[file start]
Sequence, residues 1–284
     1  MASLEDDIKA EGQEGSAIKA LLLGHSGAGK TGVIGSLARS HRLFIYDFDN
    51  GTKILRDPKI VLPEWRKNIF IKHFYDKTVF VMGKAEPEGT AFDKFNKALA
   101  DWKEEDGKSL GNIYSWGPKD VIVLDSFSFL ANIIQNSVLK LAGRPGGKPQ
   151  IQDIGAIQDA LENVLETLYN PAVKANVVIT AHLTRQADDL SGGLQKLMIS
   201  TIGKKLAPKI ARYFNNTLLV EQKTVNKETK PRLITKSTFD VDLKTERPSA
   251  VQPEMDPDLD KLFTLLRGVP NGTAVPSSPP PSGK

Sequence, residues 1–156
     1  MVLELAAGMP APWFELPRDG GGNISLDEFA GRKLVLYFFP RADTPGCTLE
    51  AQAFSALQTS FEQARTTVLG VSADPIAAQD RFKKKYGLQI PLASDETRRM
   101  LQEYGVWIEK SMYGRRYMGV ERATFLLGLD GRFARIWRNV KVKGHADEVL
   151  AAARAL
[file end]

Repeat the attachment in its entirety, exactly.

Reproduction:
Sequence, residues 1–284
     1  MASLEDDIKA EGQEGSAIKA LLLGHSGAGK TGVIGSLARS HRLFIYDFDN
    51  GTKILRDPKI VLPEWRKNIF IKHFYDKTVF VMGKAEPEGT AFDKFNKALA
   101  DWKEEDGKSL GNIYSWGPKD VIVLDSFSFL ANIIQNSVLK LAGRPGGKPQ
   151  IQDIGAIQDA LENVLETLYN PAVKANVVIT AHLTRQADDL SGGLQKLMIS
   201  TIGKKLAPKI ARYFNNTLLV EQKTVNKETK PRLITKSTFD VDLKTERPSA
   251  VQPEMDPDLD KLFTLLRGVP NGTAVPSSPP PSGK

Sequence, residues 1–156
     1  MVLELAAGMP APWFELPRDG GGNISLDEFA GRKLVLYFFP RADTPGCTLE
    51  AQAFSALQTS FEQARTTVLG VSADPIAAQD RFKKKYGLQI PLASDETRRM
   101  LQEYGVWIEK SMYGRRYMGV ERATFLLGLD GRFARIWRNV KVKGHADEVL
   151  AAARAL